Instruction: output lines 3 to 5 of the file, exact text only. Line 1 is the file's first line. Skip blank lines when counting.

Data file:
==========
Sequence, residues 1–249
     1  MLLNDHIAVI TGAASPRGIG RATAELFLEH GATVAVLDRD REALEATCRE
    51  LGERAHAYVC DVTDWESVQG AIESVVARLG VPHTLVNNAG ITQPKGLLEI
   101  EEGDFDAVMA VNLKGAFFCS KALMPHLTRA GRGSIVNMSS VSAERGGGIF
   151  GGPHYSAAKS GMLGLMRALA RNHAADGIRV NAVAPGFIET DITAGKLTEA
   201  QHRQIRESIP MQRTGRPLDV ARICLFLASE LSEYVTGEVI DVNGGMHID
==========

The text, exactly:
    51  LGERAHAYVC DVTDWESVQG AIESVVARLG VPHTLVNNAG ITQPKGLLEI
   101  EEGDFDAVMA VNLKGAFFCS KALMPHLTRA GRGSIVNMSS VSAERGGGIF
   151  GGPHYSAAKS GMLGLMRALA RNHAADGIRV NAVAPGFIET DITAGKLTEA